How to Keep Animals From Going Under a Deck

It would be hard to enjoy your backyard deck if a skunk or other wild animal decided to set up housekeeping underneath.
While latticework can serve as a ground-level barrier to wildlife it is not always enough. You can attach wire fencing to your deck posts to keep wild animals from going under your deck, or you can make the area so inhospitable they don’t move in. Be sure to remove any animals living under the deck before closing off the space. .

Step 1

Scrape the soil under the deck to remove any vegetation with a hoe. Some animals find weeds attractive for food and shelter. Cover the ground under the deck with landscape fabric to prevent weeds from growing under the deck.

Step 2

Cover the landscape fabric completely with large rocks. The rocks prevent animals from finding a cozy place to make their homes.

Step 3

Dig a 1-foot wide by 1-foot deep trench around the deck with a shovel.

Step 4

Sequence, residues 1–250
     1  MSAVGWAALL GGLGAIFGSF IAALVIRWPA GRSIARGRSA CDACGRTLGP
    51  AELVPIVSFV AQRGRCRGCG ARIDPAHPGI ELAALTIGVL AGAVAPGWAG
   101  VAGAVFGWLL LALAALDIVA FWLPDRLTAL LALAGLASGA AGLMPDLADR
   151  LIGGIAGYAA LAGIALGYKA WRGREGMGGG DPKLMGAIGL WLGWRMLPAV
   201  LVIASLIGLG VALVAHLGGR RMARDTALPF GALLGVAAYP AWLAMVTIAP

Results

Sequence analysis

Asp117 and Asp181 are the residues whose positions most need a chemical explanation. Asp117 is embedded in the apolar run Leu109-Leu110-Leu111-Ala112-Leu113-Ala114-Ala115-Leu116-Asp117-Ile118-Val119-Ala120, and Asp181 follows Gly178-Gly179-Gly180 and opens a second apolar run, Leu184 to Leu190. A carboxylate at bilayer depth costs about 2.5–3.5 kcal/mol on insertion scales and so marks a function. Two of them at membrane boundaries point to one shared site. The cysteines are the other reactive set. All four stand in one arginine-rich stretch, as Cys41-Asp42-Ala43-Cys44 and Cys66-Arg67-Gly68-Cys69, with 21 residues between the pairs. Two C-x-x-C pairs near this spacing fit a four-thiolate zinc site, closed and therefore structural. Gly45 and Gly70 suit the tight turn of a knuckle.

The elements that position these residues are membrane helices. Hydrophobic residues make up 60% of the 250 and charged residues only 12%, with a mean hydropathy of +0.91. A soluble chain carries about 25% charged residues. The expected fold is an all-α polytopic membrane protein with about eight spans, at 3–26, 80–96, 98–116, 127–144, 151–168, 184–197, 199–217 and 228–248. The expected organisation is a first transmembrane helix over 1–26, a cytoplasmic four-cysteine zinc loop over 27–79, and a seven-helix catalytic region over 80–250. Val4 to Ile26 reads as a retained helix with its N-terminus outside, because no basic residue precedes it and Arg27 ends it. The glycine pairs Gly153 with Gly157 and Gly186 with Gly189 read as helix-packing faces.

Bend the bottom 12 inches of a roll of 1-by-2 inch welded wire fencing to form an “L” shape. Set the bottom, horizontal portion of the “L” in the bottom of the trench with the vertical portion against the deck posts.

Step 5

Attach the fencing to the deck posts with fencing staples.

Step 6

Back-fill the trench with the soil you dug out earlier. Pack it down firmly in place.

Things You Will Need

  • Hoe
  • Landscape fabric
  • Large rocks
  • Shovel
  • 1-by-2 inch welded wire fencing
  • Staple gun
  • Fencing staples
  • Hammer


  • Welded wire fencing comes in different widths. Pick the width that covers the open area under your deck. If necessary, add a second row of fencing above the first row that has the L-shaped foot.
  • Soak wadded pieces of rag with household ammonia and place them under the deck to hasten the departure of unwanted animals. Animals also don’t like the smell of mothballs.


  • Never try to catch a wild animal, even with gloves on. Use humane traps and release the animals back into the wild far away from your deck.

About the Author

Denise Brown is an education professional who wanted to try something different. Two years and more than 500 articles later, she's enjoying her freelance writing experience for online resources such as Work.com and other online information sites. Brown holds a master's degree in history education from Truman State University.